Even when you encounter the same type of machine down the line, they won't always use the same pattern or direction of movement, which creates different puzzle-like challenges for each encounter. On several occasions, successfully making it past enemies hinges on both my timing, and my ability to work out a route that avoids detection. Another layer to the challenge comes from helping both Lana and Mui get to safety, since they can each only move to or reach certain places because of their own strengths and weaknesses. There's an ever-present tension to each of these encounters, since the machines won't hesitate in zapping you if Lana or Mui are spotted. 

Courage and companionship

Planet of Lana screenshot, Xbox Series X

(Image credit: Thunderful Publishing)

It's not just machines the pair have to contend with. The planet is home to some dark, rather unsettling creatures with a scarier edge who will attack on sight, but again, there are different ways to get around them and some creative solutions to discover. One of Planet of Lana's biggest strengths is the way it makes use of Lana and Mui's abilities. While the companion mechanics are effective in the way they have you solve puzzles, they also really impress upon you just how much they help each other, and more crucially, need each other to make it through. 

Thanks to Mui's agility and small stature, the little cat friend can reach higher ledges or get through tight gaps, and they also have a unique power that allows them to control some of the unusual creatures that you encounter. As Lana, you're able to direct Mui to different locations and command them to interact with switches, which works well for the most part. On certain occasions, I find it slightly finicky to get the cursor to land on the spot I'm aiming for, but generally if you're standing in a good spot in relation to the place you want Mui to go, the button prompt will automatically appear above it. 

There are also certain elements that only Lana can use, and since Mui is afraid of water, it's up to you to help them make it across safely. As the journey progresses, I fall in love with the bond they share. It's clear that they care about one another's well being and the support they give each other isn't just in the practical sense. After all, no one wants to face difficulties alone, and there are lots of quieter moments of affection between the two that tug at the heartstrings (and as an added bonus, you can pet Mui at any time). 

Planet of Lana screenshot, Xbox Series X

(Image credit: Thunderful Publishing)

"There's an undercurrent of mystery to the planet that I find myself wanting to bring to the surface"

Interspersed between the puzzles are cinematic sequences which ask you to complete simple quick-time events or navigate through a location. Each one feels like it flows naturally into the adventure to progress the story, and some even offer a moment away from the dangers of machines and creatures that allowed me to reflect on everything Lana and Mui had been through so far. Wishfully's lush world quickly swept me up, and there's an undercurrent of mystery to the planet that I find myself wanting to bring to the surface. Happily, there are clues and collectible shrines to find that paint a wider picture of the world, if you're only willing to look.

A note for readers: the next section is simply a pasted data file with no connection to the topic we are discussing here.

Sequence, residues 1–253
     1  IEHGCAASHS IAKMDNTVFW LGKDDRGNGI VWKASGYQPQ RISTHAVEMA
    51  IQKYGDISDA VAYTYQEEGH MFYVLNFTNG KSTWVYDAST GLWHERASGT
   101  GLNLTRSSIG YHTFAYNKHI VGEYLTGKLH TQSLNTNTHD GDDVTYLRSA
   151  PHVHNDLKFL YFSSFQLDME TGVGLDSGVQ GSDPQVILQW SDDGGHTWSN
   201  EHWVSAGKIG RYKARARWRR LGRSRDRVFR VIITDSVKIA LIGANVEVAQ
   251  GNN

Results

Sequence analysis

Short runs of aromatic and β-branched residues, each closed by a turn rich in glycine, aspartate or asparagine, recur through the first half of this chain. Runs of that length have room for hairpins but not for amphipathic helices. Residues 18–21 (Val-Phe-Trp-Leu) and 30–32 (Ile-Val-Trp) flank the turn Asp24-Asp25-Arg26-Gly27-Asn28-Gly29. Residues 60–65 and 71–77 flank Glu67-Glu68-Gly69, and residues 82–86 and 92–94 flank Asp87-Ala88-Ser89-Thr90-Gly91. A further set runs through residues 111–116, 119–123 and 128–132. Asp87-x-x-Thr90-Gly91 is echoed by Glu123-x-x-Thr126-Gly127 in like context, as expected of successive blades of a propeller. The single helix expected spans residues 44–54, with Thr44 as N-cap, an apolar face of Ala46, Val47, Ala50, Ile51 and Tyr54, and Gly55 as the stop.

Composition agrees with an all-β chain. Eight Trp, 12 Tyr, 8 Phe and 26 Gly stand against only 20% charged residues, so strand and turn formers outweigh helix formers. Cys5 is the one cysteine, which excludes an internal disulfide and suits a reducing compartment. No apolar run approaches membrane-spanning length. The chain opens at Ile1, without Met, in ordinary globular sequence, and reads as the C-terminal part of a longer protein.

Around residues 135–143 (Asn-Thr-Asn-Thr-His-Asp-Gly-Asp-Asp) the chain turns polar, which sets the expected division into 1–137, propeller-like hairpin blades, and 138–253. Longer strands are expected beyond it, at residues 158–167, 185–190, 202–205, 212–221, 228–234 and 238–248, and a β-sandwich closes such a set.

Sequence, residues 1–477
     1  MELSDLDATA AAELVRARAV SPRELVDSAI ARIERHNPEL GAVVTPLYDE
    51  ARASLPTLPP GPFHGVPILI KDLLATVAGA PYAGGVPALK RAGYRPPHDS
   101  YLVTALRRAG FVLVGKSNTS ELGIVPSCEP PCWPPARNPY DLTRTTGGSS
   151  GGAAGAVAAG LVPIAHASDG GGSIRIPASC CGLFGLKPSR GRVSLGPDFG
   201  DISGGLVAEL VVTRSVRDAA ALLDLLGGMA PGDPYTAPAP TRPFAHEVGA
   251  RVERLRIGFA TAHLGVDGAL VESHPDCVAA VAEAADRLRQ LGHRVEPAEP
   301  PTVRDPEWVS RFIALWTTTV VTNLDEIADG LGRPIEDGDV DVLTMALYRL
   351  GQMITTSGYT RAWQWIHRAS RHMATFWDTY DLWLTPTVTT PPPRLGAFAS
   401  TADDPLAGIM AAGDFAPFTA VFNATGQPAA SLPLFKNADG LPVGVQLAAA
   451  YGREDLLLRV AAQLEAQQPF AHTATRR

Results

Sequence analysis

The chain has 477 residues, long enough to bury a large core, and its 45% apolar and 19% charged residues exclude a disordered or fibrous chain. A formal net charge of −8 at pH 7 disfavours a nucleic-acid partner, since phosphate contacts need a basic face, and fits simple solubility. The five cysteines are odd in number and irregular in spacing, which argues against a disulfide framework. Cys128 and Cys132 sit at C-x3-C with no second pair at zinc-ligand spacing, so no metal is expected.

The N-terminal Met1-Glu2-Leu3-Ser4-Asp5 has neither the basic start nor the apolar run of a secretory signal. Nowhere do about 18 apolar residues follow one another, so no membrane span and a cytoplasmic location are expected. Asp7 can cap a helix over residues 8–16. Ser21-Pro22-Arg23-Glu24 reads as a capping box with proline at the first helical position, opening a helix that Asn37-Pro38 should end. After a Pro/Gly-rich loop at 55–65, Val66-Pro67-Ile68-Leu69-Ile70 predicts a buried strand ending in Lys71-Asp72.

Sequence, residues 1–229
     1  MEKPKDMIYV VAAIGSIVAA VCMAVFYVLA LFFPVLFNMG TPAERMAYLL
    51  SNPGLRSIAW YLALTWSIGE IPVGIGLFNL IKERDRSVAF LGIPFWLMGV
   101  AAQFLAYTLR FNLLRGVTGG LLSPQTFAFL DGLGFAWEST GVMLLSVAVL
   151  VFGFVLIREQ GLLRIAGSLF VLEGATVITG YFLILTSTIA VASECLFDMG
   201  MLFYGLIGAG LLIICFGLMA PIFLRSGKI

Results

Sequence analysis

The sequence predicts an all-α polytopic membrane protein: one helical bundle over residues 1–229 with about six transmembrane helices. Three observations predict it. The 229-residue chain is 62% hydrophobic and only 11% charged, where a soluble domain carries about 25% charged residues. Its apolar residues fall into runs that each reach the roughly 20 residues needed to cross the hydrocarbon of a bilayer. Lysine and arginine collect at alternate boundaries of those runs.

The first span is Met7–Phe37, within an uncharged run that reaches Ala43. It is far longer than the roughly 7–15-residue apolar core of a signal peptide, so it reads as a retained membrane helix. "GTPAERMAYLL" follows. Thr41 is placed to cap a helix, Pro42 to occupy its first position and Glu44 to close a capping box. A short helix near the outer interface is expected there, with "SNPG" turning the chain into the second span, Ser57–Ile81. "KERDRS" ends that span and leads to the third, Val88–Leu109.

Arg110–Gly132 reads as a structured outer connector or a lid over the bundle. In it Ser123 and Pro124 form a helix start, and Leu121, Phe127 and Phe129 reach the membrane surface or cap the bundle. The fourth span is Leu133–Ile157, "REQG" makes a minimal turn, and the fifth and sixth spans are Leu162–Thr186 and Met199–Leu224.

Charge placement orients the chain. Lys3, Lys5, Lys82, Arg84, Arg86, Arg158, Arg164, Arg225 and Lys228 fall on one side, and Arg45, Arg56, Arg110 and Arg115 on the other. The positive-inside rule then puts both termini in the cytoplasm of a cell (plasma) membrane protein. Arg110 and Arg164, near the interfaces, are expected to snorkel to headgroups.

For me, Planet of Lana is all about connection. The connection between sisters that drives Lana forward; the connection between the protagonist and her loyal companion who keeps her going; and in a broader sense, the connection between humans, machines, and nature. But perhaps the most important connection is the one Wishfully effectively creates between me as the player and the characters. With a fantastic variety of puzzle scenarios and plenty of memorable moments, Planet of Lana is a beautiful, affecting adventure I won't soon forget. 

Planet of Lana was reviewed on Xbox Series S, with a code provided by the publisher. 

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Heather Wald
Senior staff writer

I started out writing for the games section of a student-run website as an undergrad, and continued to write about games in my free time during retail and temp jobs for a number of years. Eventually, I earned an MA in magazine journalism at Cardiff University, and soon after got my first official role in the industry as a content editor for Stuff magazine. After writing about all things tech and games-related, I then did a brief stint as a freelancer before I landed my role as a staff writer here at GamesRadar+. Now I get to write features, previews, and reviews, and when I'm not doing that, you can usually find me lost in any one of the Dragon Age or Mass Effect games, tucking into another delightful indie, or drinking far too much tea for my own good.